8 non-negotiable boundaries every introvert sets in a friendship

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Introverts value meaningful connections and enjoy deeper social interactions with a close-knit group of friends.

But because their social batteries may run out faster than their extroverted counterparts, they set boundaries for themselves. 

This helps them preserve their mental well-being while balancing the maintenance of relationships with people in their network. 

If you are an introvert and would like to know how to set boundaries in your friendships, here are 8 ways you can do so.

1) Learning to protect their alone time

If there’s one thing that introverts hold dear, it’s their alone time. This is something sacred to them, one that they will protect at all costs.

An introvert’s alone time is important because it gives them a break from an entire day or week’s worth of socializing with others. Spending time alone helps them recharge. 

Unlike extroverts, introverts thoroughly enjoy being alone. They don’t need to conform to societal expectations or think of ways to keep conversations going – they can just be. 

Whether it’s spending their day at home reading a book, cooking, or even going shopping, visiting museums, and watching movies alone – introverts cherish this time alone with their thoughts.

They may even cancel appointments or outings just to preserve this time for themselves. If their schedule becomes too packed with activity, they will gladly rearrange hangout sessions with friends.

It may seem selfish at the start, but in the long run, protecting your alone time as an introvert is crucial in setting boundaries and enhancing your overall mental well-being.

You wouldn’t want to find yourself burnt out from maintaining your friendship.

And this is why introverts value…

2) Quality over quantity when it comes to friendships

Introverts usually have a smaller group of friends that they meet with regularly.

Sure there may be introverts with many friends, but even these individuals have a tighter-knit group that they will spend more time with.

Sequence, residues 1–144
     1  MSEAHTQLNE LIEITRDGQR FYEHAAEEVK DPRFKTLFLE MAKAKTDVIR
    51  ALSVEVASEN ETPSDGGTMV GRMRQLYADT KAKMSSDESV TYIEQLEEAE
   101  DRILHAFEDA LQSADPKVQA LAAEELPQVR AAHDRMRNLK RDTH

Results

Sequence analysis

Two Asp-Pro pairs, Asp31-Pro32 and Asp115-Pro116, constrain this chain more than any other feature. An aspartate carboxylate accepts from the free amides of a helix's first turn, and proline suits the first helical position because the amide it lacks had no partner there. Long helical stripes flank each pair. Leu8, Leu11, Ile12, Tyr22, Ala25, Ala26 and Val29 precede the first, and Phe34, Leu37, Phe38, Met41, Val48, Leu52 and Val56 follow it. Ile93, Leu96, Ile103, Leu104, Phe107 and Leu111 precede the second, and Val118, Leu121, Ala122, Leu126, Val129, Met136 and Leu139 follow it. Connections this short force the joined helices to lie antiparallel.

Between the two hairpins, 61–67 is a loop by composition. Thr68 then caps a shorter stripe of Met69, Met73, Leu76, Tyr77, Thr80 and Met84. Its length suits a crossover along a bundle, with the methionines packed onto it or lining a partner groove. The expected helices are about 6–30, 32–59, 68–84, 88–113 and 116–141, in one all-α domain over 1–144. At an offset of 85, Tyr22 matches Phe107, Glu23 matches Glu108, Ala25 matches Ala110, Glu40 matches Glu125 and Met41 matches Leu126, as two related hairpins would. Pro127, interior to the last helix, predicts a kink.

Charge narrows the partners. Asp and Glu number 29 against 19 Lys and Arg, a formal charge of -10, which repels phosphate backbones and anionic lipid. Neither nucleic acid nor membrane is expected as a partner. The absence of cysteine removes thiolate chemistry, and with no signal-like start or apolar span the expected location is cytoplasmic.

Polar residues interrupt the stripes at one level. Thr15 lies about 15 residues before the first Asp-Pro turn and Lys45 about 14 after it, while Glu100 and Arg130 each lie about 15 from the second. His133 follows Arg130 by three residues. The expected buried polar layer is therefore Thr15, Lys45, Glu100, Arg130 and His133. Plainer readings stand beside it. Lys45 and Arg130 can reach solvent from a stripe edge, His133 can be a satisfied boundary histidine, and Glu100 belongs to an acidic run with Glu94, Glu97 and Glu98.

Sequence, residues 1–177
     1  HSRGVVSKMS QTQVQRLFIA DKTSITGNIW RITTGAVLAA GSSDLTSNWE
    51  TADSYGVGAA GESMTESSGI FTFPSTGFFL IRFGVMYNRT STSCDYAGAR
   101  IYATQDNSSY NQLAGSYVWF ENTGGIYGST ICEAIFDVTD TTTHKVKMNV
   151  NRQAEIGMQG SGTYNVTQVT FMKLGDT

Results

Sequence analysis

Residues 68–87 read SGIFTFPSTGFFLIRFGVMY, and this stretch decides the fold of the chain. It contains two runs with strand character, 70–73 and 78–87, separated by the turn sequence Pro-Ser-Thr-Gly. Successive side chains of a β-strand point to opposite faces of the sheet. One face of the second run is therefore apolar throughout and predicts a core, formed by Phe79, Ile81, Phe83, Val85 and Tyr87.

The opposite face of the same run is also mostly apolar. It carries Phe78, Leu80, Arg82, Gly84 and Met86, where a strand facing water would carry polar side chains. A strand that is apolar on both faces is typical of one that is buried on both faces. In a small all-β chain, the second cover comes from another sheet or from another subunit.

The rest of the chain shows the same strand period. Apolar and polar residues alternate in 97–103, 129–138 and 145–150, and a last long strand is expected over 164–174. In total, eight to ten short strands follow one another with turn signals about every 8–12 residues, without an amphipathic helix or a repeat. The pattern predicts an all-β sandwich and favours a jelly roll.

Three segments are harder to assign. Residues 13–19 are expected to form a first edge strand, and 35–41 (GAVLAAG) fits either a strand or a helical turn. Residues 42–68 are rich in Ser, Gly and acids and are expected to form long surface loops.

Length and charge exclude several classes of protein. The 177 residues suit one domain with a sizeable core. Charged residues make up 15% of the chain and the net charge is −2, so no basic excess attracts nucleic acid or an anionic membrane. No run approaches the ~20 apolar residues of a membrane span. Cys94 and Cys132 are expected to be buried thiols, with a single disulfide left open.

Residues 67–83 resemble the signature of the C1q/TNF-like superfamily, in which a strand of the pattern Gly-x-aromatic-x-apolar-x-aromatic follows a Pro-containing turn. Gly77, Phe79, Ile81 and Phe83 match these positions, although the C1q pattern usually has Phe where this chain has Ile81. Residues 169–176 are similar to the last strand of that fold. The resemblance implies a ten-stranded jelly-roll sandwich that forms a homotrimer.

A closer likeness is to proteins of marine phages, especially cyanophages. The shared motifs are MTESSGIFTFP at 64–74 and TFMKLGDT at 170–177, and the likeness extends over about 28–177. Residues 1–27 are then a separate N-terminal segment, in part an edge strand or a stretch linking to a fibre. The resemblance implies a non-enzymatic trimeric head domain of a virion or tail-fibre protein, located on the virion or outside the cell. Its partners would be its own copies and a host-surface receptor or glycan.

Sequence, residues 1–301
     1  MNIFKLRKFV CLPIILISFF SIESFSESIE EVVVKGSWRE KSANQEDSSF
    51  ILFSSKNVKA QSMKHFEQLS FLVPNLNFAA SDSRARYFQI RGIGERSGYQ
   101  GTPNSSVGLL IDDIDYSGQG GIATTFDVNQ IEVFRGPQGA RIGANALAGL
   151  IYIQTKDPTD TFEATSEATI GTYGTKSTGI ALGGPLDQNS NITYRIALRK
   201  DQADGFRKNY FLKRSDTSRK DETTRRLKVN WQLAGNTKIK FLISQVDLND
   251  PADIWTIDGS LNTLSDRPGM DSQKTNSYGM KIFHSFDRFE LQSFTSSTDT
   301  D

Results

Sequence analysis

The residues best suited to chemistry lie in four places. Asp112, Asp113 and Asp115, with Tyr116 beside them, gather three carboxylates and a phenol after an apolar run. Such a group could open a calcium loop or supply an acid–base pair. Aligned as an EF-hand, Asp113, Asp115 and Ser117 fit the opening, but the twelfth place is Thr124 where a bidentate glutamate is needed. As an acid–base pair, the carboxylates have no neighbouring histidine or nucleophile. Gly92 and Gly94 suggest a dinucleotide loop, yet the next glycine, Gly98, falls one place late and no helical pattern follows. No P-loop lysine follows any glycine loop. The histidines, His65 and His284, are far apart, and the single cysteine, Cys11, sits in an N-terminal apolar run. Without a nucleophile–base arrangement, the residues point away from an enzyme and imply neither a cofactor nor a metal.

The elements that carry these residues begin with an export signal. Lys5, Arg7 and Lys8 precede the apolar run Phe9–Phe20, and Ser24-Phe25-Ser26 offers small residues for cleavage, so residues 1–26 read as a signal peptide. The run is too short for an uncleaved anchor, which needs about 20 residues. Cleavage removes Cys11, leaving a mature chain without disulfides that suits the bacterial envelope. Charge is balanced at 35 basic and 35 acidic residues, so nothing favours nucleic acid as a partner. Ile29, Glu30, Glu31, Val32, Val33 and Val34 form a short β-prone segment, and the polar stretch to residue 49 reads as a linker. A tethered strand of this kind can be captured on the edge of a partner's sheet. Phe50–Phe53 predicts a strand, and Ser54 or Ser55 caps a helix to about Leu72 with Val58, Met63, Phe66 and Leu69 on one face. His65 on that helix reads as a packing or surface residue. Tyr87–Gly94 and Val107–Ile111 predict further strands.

Introverts would rather have deeper connections with a few people than superficial relationships with many. This is because they prioritize meaningful connections and in-depth interactions or conversations.

This also helps to conserve their social batteries for people who truly matter to them, as introverts have a more limited capacity for social interaction.

As we grow older, we get more responsibilities and less time to spend with the people around us – let alone ourselves. 

So to keep their peace, introverts would rather opt for quality friendships than have many acquaintances.

3) Protecting their personal space

As an introvert, I try not to have people get into my personal space because it makes me uncomfortable.

My personal space is also bigger than the average person, which could be due to my introversion, as I do know a lot of introverted friends who are similar in this respect.

I’m not a hugger, but I do have friends who are huggers, and sometimes I have to tell them that I’m not that comfortable doing so.

It’s not that I don’t like them, I’m just not someone who likes people invading my personal space

In my culture, we don’t really do hugs or kisses when greeting one another (which I’m super thankful for), but when I’m visiting friends from cultures that practice this, I’ll do so out of respect.

But otherwise, I’d rather limit my greetings to a simple ‘hi’ or ‘good morning’  so that I can maintain control over my personal space.

4) Clearly communicating social expectations

As introverts usually have a smaller group of close friends, they’re a bit freer to share their thoughts with the other person – and the other person would likely be someone who is comfortable with the introvert’s behaviour.

This is why, to draw boundaries, introverts may clearly communicate their expectations of the interaction at the outset. 

For example, they may tell the other person that they’re a bit tired from work and can only be a listening ear for this amount of time, or that they may only be able to listen and not provide advice just for that day.

Setting and communicating these expectations at the beginning of a conversation or interaction helps set the tone right for the entire conversation, helping the introvert draw boundaries, and informs their friend on what to expect.

5) Prioritizing their mental well-being

As an introvert, I’m usually torn between having to prioritize my well-being and being a people pleaser, such as agreeing to whatever my more outgoing friends say.